The Fannie Mae Economic and Strategic Research Group maintained its third quarter 2018 economic growth forecast of 3.2% annualized amid an expected slowdown in consumer spending and business fixed investment growth, according to its September 2018 Economic and Housing Outlook.

The ESR Group also noted that trade and housing will likely subtract from growth this quarter, while citing inventory restocking and increased government spending as potentially positive contributors.

"In the second quarter, we marked the ninth anniversary of the current economic expansion; however, it's also likely that we marked its high point," said Fannie Mae Chief Economist Doug Duncan. "On the whole, macroeconomic fundamentals remain strong, but signs increasingly point to a softening of third quarter real GDP growth as trade resumes its role as a drag on GDP, and consumer and business demand growth retreat from previous highs. We expect full-year 2018 growth to be the best of the expansion before slowing next year as fiscal stimulus runs its course. The labor market remains solid, and with inflation continuing to straddle the Fed's two-percent target, our call for two more interest rate hikes in 2018 is unchanged. We expect housing to be a drag once again this quarter. But in a welcome development, some construction material prices have softened, which should help builders to continue to build smaller or less expensive homes most in demand from potential first-time homebuyers. Additionally, the crunch on for-sale inventories of existing homes has eased slightly, hopefully setting up an improvement in the housing market next year."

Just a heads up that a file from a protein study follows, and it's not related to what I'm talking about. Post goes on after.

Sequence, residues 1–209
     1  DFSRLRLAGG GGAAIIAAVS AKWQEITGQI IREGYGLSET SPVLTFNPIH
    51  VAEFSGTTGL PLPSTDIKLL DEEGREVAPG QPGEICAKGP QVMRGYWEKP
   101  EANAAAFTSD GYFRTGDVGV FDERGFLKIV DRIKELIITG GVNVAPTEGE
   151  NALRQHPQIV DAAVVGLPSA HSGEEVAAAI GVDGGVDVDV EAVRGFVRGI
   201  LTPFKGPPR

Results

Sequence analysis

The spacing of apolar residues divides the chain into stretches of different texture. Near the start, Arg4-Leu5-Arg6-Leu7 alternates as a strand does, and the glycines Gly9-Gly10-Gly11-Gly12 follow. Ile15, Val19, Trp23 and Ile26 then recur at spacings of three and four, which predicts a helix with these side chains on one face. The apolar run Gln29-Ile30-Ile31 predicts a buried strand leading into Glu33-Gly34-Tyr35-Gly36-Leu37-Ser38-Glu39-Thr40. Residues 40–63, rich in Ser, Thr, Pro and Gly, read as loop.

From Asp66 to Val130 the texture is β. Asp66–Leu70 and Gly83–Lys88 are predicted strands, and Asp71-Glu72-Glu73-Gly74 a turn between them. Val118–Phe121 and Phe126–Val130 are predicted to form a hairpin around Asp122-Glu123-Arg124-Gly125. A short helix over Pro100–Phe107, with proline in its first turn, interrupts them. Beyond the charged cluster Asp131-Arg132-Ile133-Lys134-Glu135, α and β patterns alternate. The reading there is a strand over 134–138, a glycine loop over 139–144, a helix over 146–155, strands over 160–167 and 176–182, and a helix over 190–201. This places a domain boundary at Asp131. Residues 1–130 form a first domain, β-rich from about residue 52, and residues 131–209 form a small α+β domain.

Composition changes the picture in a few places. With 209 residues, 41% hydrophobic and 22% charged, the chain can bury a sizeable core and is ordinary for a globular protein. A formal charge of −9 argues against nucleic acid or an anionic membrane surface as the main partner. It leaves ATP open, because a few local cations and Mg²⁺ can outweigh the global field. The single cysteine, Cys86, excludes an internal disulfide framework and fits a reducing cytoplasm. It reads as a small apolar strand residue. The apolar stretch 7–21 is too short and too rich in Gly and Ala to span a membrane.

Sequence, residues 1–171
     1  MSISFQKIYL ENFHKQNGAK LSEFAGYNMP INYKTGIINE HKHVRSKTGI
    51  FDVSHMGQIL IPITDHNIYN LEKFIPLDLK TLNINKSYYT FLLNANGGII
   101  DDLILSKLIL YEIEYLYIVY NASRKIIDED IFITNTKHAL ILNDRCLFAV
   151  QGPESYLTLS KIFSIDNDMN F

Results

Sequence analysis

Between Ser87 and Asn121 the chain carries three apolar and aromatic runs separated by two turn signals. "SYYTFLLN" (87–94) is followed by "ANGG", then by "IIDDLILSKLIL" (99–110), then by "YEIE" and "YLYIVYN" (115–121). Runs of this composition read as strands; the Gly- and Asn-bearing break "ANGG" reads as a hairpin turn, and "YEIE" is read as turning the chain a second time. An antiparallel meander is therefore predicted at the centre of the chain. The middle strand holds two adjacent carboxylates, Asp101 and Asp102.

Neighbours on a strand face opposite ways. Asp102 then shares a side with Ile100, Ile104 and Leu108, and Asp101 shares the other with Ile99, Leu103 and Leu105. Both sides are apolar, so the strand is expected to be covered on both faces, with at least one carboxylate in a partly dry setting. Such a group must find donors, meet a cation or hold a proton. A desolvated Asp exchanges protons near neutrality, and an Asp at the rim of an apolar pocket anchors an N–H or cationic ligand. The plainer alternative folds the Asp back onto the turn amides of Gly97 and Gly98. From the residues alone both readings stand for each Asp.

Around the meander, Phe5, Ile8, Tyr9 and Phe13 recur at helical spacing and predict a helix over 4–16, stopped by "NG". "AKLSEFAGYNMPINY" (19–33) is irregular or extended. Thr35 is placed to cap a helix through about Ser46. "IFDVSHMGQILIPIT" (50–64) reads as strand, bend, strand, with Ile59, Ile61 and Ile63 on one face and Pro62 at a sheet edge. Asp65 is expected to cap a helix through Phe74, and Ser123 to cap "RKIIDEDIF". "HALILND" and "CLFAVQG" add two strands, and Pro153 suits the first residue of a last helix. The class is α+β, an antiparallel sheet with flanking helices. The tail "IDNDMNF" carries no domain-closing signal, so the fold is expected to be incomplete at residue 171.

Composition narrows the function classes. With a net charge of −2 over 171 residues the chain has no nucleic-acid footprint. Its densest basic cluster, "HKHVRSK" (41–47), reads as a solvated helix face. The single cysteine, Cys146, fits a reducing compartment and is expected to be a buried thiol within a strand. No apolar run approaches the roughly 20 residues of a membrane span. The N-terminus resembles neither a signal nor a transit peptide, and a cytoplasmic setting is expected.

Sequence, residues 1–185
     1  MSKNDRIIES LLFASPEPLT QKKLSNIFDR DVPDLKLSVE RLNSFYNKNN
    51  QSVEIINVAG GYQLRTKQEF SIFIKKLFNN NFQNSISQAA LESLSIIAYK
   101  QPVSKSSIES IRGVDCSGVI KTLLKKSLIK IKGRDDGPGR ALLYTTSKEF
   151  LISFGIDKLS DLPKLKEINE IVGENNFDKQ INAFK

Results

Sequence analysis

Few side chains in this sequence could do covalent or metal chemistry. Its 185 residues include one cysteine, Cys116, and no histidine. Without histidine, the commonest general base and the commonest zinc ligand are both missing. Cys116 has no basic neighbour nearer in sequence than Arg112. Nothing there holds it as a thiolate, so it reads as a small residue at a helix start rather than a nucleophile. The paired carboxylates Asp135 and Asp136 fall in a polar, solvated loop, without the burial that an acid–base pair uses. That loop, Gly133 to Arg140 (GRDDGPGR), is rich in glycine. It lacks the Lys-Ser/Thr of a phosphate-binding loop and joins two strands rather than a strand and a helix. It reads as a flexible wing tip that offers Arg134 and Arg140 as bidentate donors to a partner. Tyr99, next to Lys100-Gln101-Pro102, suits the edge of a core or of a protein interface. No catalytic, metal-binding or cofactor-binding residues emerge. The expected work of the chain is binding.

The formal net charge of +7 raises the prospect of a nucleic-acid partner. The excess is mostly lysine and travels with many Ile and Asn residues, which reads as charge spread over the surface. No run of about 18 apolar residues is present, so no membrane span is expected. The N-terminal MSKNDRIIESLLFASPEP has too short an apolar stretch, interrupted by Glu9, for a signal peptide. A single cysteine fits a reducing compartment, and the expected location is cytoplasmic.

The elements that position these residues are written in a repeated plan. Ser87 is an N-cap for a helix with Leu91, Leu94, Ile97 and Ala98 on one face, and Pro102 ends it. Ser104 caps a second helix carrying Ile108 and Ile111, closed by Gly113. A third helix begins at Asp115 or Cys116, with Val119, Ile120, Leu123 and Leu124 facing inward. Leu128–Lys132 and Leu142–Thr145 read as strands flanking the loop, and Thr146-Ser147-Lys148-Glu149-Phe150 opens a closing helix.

The ESR Group's full-year growth forecasts of 3.0% and 2.3% for 2018 and 2019, respectively, also remained unchanged. Key downside risks include escalating trade tensions with China and possible contagion from increasing financial stress and currency devaluation in many emerging markets, including Turkey, Argentina, and South Africa. Declining auto demand is likely to weigh on spending. However, the consumer should continue to demonstrate strength overall, and business fixed investment growth should remain healthy. As the dollar gathers further strength and the impact of last quarter's front-loading of exports ahead of expected tariffs reverses, trade will likely detract from growth this quarter and going forward. Corporate profits also continue to provide positive news on a pre-tax and post-tax basis but may soon be challenged by rising labor and material costs, a flattening of the yield curve, a stronger dollar, and slowing global growth. In the near term, the lack of housing inventory, particularly at the lower end of the price spectrum, continues to restrain home sales and support home price appreciation.